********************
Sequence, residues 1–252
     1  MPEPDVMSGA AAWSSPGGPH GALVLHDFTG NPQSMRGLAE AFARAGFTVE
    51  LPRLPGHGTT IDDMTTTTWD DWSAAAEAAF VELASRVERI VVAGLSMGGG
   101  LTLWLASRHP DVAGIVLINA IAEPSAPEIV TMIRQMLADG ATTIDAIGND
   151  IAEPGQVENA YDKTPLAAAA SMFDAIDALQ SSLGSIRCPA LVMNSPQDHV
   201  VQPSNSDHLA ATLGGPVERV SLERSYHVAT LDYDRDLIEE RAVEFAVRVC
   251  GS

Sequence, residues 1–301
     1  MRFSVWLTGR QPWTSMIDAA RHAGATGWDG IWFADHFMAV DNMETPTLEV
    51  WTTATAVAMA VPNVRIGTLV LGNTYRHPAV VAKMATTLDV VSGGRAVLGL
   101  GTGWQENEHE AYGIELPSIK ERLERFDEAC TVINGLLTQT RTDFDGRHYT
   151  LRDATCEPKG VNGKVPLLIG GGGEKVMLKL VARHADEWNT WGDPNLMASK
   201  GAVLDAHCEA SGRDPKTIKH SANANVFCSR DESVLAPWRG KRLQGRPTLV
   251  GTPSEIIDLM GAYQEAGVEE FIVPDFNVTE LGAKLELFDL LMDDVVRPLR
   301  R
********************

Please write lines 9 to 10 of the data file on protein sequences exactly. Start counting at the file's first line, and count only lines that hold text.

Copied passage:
     1  MRFSVWLTGR QPWTSMIDAA RHAGATGWDG IWFADHFMAV DNMETPTLEV
    51  WTTATAVAMA VPNVRIGTLV LGNTYRHPAV VAKMATTLDV VSGGRAVLGL